TEM4 GRE CET6
- mosque:  Mosque means etymologically a place where you ‘bow down’ in prayer and is, not surprisingly, of Arabic origin. It comes from Arabic masjid ‘place of worship’, a derivative of the verb sajada ‘bow down’. English acquired the word via Italian moschea and French mosquée as mosquee, but soon dropped the final -e. (The Arabic form masjid or musjid has been intermittently used in English in the 19th and 20th centuries.)
- mosque (n.)
- 1717, earlier moseak (c. 1400), also mosquee (16c.), probably in part from Middle French mosquée, from Italian moschea, earlier moscheta, from Spanish mesquita (modern mezquita), from Arabic masjid "temple, place of worship," from sajada "he worshipped" + prefix ma- denoting "place." Mangled in Middle English as muskey, moseache, etc.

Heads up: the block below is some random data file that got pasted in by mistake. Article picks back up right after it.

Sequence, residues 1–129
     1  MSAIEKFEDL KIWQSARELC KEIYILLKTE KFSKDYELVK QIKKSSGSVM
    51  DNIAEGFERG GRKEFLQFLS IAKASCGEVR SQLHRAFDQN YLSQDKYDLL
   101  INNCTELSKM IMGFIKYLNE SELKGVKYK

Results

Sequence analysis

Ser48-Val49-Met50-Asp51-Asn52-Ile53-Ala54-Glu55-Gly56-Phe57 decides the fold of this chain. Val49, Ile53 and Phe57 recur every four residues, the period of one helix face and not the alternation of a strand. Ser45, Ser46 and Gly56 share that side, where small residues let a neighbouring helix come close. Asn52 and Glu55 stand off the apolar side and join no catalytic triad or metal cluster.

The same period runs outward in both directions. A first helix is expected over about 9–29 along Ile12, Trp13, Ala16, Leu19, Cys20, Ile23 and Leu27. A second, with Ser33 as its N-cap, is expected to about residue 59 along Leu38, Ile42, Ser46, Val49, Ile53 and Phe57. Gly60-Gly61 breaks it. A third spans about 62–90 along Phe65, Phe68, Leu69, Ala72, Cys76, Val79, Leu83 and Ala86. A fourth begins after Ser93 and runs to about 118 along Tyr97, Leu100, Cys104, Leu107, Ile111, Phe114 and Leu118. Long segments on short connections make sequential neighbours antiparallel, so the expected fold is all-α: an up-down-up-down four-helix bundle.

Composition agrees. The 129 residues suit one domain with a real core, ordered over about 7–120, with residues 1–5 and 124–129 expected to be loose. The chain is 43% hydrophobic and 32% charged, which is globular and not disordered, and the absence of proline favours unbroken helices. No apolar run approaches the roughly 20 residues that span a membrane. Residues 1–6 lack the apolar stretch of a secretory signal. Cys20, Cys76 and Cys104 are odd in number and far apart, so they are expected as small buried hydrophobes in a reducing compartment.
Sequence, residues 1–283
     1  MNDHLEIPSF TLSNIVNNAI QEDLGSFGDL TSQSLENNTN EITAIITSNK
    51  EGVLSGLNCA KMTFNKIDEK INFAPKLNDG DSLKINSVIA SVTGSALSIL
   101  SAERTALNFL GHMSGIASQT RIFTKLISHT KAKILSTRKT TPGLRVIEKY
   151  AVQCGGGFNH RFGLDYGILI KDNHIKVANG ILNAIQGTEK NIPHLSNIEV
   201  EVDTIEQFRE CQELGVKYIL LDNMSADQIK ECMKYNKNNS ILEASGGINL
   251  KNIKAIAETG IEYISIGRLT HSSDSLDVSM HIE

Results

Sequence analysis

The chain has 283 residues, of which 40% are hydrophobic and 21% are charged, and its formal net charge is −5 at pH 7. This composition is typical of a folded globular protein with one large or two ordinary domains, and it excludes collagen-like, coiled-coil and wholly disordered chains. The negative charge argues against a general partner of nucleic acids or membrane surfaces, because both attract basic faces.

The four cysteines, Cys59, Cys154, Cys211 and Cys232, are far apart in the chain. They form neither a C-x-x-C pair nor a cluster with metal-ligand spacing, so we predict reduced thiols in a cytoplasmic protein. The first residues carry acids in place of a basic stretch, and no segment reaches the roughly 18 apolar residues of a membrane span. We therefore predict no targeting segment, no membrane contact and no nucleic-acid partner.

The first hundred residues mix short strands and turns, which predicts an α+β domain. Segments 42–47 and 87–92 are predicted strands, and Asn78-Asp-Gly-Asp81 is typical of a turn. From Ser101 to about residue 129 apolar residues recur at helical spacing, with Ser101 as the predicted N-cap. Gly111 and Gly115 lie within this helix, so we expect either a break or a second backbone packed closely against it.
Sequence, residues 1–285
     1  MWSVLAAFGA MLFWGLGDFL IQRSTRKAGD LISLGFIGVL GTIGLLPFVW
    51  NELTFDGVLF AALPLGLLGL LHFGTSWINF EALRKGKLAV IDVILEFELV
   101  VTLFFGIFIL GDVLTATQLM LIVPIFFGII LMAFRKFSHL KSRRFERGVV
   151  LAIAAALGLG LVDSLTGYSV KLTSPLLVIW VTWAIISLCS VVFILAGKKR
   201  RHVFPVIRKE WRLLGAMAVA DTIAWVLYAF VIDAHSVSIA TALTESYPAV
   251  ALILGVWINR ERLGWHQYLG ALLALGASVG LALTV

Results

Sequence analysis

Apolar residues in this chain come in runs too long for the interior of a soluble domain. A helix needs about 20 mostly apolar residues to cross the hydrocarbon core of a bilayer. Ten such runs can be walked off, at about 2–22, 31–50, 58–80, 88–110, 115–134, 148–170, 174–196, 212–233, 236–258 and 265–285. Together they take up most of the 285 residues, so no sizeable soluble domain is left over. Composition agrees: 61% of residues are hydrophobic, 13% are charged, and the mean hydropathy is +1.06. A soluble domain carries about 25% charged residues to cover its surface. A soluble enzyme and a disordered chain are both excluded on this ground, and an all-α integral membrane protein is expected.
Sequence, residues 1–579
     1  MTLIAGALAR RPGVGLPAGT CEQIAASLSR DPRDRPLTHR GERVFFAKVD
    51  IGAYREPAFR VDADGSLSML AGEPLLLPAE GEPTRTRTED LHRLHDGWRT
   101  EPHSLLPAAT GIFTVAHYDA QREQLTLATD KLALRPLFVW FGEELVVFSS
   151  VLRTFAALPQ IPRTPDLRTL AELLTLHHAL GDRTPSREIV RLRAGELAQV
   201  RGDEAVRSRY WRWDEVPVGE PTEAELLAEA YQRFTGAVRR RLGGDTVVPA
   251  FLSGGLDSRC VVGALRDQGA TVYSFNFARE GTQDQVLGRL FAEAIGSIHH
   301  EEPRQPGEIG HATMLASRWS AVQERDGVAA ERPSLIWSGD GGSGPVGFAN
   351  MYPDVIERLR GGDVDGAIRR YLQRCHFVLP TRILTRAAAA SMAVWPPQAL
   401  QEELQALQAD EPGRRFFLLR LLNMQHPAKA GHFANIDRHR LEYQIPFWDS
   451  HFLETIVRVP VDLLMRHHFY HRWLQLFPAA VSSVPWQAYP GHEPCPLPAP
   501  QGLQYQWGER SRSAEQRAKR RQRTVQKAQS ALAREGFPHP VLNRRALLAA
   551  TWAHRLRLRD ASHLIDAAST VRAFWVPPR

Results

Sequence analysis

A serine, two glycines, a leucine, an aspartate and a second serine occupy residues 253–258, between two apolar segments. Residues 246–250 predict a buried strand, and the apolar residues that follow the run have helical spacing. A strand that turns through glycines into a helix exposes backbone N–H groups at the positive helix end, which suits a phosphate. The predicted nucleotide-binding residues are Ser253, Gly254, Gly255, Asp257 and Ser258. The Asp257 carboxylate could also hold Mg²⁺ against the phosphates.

- 1. The destruction of the mosque has provoked anger throughout the Muslim world.
- 2. Hundreds of thousands of people packed into the mosque.
- 3. A glittering Islamic crescent tops the mosque.
- 4. Here is the remains of a mosque.
- 5. They go to the mosque to pray once a week.
[ mosque 造句 ]